Ratified on Feb. 3, 1870, the 15th Amendment to the United States Constitution officially granted African American men the right to vote by declaring that the “right of citizens of the United States to vote shall not be denied or abridged by the United States or by any state on account of race, color, or previous condition of servitude.”
However, the promise of the 15th Amendment was blocked for almost a century through the use of poll taxes, literacy tests and other means — and more recently by voter ID laws.
Learn about all the anniversaries leading up to February 3 and those beyond from this detailed tweet thread by historian Stephen West.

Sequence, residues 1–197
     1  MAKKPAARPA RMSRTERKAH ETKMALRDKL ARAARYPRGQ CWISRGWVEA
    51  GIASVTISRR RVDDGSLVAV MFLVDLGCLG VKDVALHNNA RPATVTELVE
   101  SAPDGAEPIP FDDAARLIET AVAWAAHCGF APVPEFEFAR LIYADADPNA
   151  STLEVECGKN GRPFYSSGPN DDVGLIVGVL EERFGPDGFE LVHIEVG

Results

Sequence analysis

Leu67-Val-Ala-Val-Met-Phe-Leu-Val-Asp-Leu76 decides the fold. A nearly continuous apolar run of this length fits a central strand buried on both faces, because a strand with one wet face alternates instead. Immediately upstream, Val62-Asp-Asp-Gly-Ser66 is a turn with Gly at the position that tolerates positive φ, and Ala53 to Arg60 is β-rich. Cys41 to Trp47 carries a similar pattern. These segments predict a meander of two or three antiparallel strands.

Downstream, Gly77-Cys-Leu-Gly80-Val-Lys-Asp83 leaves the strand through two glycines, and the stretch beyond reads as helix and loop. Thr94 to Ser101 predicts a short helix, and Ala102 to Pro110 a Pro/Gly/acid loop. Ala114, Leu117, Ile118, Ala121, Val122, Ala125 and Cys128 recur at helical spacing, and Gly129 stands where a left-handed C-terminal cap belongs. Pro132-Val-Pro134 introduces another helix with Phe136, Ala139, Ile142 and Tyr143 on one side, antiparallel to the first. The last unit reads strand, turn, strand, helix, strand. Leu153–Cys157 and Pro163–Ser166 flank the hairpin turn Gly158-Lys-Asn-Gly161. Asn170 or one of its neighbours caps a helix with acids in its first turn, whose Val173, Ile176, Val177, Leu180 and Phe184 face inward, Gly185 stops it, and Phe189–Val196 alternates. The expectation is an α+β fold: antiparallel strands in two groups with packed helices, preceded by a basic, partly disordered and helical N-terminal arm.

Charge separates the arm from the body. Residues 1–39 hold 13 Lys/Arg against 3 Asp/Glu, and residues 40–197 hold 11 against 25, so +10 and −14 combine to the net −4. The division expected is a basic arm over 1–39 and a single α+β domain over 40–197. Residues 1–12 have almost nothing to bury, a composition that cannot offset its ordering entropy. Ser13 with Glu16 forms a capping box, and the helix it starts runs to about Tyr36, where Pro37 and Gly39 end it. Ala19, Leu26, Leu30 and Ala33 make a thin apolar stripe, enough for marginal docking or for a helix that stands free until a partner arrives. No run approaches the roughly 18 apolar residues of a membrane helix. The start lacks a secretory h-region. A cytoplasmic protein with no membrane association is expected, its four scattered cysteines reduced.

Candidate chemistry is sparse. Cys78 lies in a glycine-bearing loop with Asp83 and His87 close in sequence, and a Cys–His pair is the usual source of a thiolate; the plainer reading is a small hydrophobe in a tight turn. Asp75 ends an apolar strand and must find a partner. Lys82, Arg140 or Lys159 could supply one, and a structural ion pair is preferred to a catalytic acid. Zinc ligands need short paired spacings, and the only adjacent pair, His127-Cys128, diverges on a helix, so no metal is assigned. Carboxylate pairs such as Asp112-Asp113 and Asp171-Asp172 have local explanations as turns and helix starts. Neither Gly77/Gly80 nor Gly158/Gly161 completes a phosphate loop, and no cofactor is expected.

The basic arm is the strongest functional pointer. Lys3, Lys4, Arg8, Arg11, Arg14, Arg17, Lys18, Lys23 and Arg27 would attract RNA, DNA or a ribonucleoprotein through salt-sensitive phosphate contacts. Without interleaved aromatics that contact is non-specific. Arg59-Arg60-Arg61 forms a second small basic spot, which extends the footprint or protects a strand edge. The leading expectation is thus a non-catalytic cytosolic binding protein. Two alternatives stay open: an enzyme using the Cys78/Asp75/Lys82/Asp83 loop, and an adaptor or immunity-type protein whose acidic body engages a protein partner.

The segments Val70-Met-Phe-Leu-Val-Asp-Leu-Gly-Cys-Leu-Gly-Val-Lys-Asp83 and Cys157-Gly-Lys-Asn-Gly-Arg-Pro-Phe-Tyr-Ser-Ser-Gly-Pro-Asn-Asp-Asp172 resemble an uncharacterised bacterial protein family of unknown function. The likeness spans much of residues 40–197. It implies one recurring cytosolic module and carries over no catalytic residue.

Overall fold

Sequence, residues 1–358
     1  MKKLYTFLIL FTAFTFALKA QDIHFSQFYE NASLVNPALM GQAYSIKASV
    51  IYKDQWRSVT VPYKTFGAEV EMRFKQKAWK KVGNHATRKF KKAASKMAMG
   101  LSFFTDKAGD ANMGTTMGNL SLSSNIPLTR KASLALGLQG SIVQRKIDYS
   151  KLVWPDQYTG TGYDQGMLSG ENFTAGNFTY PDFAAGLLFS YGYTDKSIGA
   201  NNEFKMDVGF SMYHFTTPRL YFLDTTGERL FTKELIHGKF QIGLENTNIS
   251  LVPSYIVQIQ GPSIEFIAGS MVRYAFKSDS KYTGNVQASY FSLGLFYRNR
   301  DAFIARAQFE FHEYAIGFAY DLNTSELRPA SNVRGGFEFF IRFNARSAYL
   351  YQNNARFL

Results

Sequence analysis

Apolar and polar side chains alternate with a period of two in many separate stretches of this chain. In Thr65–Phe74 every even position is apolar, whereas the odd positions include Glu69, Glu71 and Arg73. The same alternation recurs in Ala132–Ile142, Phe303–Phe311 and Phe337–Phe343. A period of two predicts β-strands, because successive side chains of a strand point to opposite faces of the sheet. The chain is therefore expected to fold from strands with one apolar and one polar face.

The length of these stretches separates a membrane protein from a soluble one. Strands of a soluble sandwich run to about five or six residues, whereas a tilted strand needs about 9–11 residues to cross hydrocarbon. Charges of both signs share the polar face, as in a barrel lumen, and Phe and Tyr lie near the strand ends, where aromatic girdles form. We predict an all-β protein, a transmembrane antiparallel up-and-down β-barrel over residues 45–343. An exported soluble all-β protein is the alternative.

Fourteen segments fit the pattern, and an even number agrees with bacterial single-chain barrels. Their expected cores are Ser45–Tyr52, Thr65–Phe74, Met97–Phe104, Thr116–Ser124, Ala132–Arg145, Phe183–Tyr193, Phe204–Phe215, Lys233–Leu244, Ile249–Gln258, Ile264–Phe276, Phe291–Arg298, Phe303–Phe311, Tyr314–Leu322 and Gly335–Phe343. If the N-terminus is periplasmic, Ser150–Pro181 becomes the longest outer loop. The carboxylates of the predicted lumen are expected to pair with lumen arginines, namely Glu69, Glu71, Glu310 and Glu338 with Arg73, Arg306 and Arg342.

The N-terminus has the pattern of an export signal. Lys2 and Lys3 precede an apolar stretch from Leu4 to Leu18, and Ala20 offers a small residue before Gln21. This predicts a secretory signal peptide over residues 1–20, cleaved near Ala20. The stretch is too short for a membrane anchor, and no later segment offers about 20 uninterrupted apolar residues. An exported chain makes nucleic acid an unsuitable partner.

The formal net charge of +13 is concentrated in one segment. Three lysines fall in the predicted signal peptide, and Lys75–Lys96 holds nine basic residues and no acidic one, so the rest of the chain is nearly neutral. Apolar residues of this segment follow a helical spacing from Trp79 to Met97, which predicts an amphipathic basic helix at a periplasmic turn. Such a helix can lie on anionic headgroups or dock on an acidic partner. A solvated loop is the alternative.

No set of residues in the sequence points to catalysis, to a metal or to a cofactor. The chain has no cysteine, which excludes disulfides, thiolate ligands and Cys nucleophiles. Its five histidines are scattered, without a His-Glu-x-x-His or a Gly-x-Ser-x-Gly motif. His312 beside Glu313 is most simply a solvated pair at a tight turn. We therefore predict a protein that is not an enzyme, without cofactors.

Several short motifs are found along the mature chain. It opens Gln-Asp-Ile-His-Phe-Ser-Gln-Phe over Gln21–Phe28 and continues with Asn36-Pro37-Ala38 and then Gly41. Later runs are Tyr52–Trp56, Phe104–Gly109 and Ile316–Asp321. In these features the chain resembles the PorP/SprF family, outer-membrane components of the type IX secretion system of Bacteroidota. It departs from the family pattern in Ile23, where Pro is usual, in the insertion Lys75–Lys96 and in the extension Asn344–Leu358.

The spring of 2020 will mark the 150th anniversary of the 15th Amendment. Over the next year, I’ll note some events along the way to its ratification.#otd in 1869, the House passed its 1st version of the 15A, authored by George Boutwell of Massachusetts. The vote was 150-42. pic.twitter.com/VqRh8pm2di
— Stephen West (@Stephen_A_West) January 30, 2019
Learn more in the Zinn Education Project national report, “Erasing the Black Freedom Struggle: How State Standards Fail to Teach the Truth About Reconstruction,” and find teaching resources on Reconstruction below.